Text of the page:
People talk about multicloud as if it’s a choice. It’s not. Multicloud is simply a fact of life.

Within any enterprise, developers move at different paces while dealing with years or even decades of legacy build-out. Some workloads will never go anywhere. Others simply fit a particular cloud best or migrate to the cloud where a certain dev group has already established a beachhead. Through whatever means those workloads arrive on AWS, Azure, Google Cloud, or another public cloud, and they’ll very likely stay put once in place.

One factor keeping such workloads firmly rooted in place is data gravity. It’s expensive to move data from one cloud to another (not to mention from an on-prem deployment to a public cloud). But that’s not the biggest problem. The primary issue with multicloud deployments is that each cloud comes prebaked with unique services—and those services ensure lock-in as far as the eye can see.

You call that agility?

Early on, multicloud was touted as a strategy to build resiliency into IT infrastructure or to create leverage in negotiating pricing. Yet the whole notion of seamlessly moving workloads from cloud to cloud has turned out to be , as blogger Cloud Pundit has observed.

, data gravity “is technically easy to solve. Amazon demonstrated at the recent Re:Invent that there is nothing in the world that can move data more quickly than a semi truck full of hard drives.” Pricey? Maybe. Possible? Definitely.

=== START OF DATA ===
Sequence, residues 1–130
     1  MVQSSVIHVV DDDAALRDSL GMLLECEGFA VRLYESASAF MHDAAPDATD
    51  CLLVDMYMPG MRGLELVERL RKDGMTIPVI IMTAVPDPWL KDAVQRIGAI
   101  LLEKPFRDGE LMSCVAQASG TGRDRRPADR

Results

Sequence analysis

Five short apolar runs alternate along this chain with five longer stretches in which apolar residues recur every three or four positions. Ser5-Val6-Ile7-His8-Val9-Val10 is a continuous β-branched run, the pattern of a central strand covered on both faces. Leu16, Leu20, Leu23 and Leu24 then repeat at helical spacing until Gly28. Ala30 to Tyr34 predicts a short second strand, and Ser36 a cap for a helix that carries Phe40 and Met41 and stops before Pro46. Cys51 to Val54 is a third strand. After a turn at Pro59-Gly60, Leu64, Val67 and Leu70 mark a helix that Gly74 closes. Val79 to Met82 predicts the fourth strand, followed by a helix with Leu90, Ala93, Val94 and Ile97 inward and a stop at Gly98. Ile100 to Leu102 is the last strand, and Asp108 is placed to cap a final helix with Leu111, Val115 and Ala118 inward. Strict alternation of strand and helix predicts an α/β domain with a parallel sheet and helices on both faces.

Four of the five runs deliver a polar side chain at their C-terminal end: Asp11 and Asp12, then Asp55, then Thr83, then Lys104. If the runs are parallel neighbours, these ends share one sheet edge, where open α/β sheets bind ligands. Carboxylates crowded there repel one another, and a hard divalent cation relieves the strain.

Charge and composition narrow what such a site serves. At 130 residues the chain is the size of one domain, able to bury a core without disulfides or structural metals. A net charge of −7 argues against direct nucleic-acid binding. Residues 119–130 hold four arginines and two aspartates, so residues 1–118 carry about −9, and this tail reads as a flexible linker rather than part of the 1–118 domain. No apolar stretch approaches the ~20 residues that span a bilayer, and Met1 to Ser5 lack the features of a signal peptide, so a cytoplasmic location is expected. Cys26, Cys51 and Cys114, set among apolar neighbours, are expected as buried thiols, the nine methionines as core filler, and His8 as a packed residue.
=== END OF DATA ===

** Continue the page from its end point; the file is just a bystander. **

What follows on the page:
The first hit is free

The far thornier issue, however, is service dependence. McLuckie continues: “Detangling your infrastructure from deep service dependencies will likely be even more difficult than getting your data out of a cloud provider’s offering.”

The easy but futile response: “Don’t build on those cloud-specific services.” Good luck with that. As RedMonk analyst :

, “The value of any public cloud is in the platform aspects and not the basic primitives. Abstractions to prevent lock-in introduce operational complexity and limit you to common denominator primitives like virtual machines.”

No one wants that … not really.

Escaping a cloud

That said, there are ways to mitigate lock-in. One solid piece of advice from McLuckie is to prioritize services that are based on an open source project (such as Kubernetes) and to “be judicious about betting on services” that are not.

McLuckie also points to nascent efforts like the Open Service Broker API as a harbinger of cloud freedom to come. In his view, you should “think about using formal service abstractions that allow more control over which services are made available to your engineers.”

Introduced in December, Open Service Broker is a promising idea, with Red Hat and Pivotal (which originated the Service Broker) incorporating the API into their PaaS offerings and collaborating to improve it. Google and IBM are also on board. If Open Service Broker takes off, enterprises could maintain a consistent programming interface for developers, even as underlying services from different origins are swapped out (although with some pain).

Such interoperability is the next big cloud battleground. As the big-three cloud providers duke it out for hegemony, other vendors are stepping in to help enterprises make sense of multicloud realities. The winner will be the vendor that can slightly ease the ache of this painful reality.